Pam dived and travelled the world well into her 80’s which is remarkable considering the physical effort that diving demands. Even after having some fingers crushed in an accident on a dive trip she did not stop. Her final but also her perhaps best dive trip was to the Solomon Islands just six years ago. In the end Pam did almost nineteen hundred dives – a testament to her seemingly bottomless well of energy, resilience and enthusiasm. After her stroke she continued to make the journey to and from the dive club unaided – then with the impact of COVID she still managed to attend the weekly zoom calls.
Diving is based around the buddy system – we dive in pairs, so you always have a partner in the water with you to help with problems and to enjoy and share the experience. Many of those here won’t have been in the water with Pam but regardless will have seen Pam’s kind, generous and caring nature. She was a great friend, always happy to chat and share a joke, but also ready to provide support and sound advice when needed. Although we are all going to miss her terribly, we will continue to be inspired by the way she lived her life and will fondly remember our adventurous friend.
Whether above or below the water Pam was the best buddy you could ask for.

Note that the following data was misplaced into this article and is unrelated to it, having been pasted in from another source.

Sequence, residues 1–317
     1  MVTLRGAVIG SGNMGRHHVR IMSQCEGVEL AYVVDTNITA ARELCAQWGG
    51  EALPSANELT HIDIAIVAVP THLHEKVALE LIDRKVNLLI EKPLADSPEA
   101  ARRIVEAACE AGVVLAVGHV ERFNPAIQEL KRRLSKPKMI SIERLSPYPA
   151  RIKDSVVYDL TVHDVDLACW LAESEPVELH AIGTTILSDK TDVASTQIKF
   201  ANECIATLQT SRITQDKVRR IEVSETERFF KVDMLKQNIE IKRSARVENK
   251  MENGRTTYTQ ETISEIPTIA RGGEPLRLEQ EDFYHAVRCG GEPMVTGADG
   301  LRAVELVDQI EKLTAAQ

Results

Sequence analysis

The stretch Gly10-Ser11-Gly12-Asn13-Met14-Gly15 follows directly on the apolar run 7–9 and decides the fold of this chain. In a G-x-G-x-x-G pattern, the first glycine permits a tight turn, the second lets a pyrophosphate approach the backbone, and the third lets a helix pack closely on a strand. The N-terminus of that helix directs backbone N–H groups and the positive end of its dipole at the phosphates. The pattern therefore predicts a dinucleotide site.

Pam’s Diving Log
Joined Holborn Argonauts on 5th October 1976
- BSAC Snorkel Diver October 1977
- BSAC 3rd Class Diver 26th September 1978
- BSAC 2nd Class Diver 29th September 1981
- Royal Live Saving Society Sub-Aqua Bronze Medallion Examination 19th June 1978
- The “Abyssal Diver” certification
<The first dive, the last UK dive and the last ever dive>
|Date||Site||Max Dep.||Dive Time|
|The first dive (#1)||09-OCT-1977||Portland Harbour||12m||20mins|
|The last UK dive (#287)||23-JUN-1990||The Frenchman, Poole||4m||18mins|
|The last dive (#1867)||16-NOV-2015||Mbike Reef, Solomon Islands||19.8m||60mins|
The last UK dive:
Every time Pam mentioned her last dive in the UK, she said visibility was almost nil and it was a ‘crap’ dive…
The last ever dive:
Pam’s last dive was in Solomon Islands. Pam always said that it was her best ever dive trip she’d ever had. Everything was perfect in all aspects. The boat was excellent, crew was brilliant, other guests on the boat was nice and, of course, diving there was perfect! Shortly after this trip, she decided to stop diving.
Memories of Pam
Page added in August 2021